“The Boy Band Con: The Lou Pearlman Story” originally premiered at SXSW Film Festival on March 13th. Now premiering on Youtube Premium for the world to see, this documentary features “the story of Lou Pearlman, his remarkable successes and offenses, and his tragic end while serving a 25-year prison sentence for multiple felony convictions.”
Members of multi-platinum selling bands like *NSYNC (Lance Bass, Chris Kirkpatrick, JC Chasez), Backstreet Boys (AJ McLean), O-Town (Ashley Parker Angel), Take 5, and 90’s singer, Aaron Carter, tell about the dark side of the music industry and working with Pearlman.
The film is produced by *NSYNC’s Lance Bass and gives major nostalgia to the 90’s boy band fans while capturing the tough times they went through.
Right away, viewers are thrown into that time in their lives where 90’s boy bands took over their entire life. From performances to origin stories, to the rise of the boy band craze, the beginning of this documentary draws you in and takes everyone back to those wonderful memories.
Talking to many references like former boy band members and their parents, lawyers, childhood friends, managers, and many others allowed the story to be intimate and personal while also offering varying opinions.
After explaining the boy band craze, it went into Pearlman’s life and what others thought of him.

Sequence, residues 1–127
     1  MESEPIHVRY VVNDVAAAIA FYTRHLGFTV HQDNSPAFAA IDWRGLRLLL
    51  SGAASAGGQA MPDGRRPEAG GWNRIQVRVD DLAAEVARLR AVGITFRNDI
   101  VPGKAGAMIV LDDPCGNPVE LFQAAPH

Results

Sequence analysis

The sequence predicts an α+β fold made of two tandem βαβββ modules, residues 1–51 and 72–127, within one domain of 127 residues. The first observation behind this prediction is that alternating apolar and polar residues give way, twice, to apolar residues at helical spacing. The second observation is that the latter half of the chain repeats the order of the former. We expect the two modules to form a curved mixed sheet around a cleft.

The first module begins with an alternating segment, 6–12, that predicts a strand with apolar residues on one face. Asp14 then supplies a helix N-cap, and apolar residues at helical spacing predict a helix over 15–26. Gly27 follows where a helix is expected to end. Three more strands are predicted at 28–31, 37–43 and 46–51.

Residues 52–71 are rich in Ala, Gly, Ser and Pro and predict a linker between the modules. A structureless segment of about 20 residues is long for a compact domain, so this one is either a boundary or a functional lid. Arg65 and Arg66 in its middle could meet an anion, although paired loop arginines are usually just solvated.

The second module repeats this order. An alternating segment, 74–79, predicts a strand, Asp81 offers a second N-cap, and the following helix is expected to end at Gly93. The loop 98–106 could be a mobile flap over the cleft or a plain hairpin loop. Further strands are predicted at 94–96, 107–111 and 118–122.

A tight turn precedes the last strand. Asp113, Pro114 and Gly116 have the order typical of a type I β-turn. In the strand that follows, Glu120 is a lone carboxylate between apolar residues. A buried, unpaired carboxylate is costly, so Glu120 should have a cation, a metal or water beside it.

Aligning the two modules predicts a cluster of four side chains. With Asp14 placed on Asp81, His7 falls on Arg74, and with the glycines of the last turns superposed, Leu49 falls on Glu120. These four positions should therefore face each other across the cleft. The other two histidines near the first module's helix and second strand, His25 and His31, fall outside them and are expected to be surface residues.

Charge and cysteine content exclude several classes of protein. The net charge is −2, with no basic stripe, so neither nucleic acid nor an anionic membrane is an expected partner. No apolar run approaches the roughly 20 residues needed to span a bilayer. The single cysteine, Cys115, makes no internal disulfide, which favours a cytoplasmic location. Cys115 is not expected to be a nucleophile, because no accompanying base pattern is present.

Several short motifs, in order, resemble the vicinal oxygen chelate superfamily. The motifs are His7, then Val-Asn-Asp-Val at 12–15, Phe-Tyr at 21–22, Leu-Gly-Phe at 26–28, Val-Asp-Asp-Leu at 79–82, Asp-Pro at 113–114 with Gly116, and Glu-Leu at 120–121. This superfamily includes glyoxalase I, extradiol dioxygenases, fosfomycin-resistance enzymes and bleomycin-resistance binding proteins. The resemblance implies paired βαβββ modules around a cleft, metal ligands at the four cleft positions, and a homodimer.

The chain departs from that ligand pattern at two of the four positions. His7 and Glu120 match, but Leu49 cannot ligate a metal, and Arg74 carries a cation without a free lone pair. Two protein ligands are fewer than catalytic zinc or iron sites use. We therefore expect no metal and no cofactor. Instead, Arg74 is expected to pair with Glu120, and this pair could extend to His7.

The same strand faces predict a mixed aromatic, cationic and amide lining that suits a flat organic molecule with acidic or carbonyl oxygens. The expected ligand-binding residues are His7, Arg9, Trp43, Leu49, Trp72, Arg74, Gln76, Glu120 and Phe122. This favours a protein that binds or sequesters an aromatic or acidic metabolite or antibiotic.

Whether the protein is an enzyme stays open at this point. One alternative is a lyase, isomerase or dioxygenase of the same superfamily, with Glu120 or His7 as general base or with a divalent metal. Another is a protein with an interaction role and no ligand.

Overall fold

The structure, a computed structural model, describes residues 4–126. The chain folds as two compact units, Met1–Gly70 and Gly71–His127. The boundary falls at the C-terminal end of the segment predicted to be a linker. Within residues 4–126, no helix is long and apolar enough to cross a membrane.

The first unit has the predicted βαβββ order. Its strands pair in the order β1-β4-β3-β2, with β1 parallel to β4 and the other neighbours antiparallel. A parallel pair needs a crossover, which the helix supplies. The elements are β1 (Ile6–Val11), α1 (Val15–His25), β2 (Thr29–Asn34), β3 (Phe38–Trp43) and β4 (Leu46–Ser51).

Pearlman handled a lot of money. Along with managing bands, he also started a company called Transcontinental Airways, in which a lot of people invested. In the end, those people lost all of the money they entrusted to Pearlman.
Along with robbing many people of their money, Pearlman was accused of being handsy with some of his clients. O-Town’s Ashley Parker Angel said that Pearlman would rub his shoulders while telling him this would pump up his muscles. She also recorded a member of the girl band Innosense in a tanning bed and showed the video to others.
Pearlman was sentenced to a 25-year sentence for conspiracy, money laundering and making false statements during a bankruptcy proceeding in 2008. He never got to serve the full sentence due to his death in 2016.
This documentary explained the monster that Lou Pearlman was in a classy way. Experiences and the truth were told without blowing the whole thing out of proportion.
Overall, this documentary had us hooked from beginning to end and makes us want to pay back the boys all the money they lost.
Rating: 5 out of 5 stars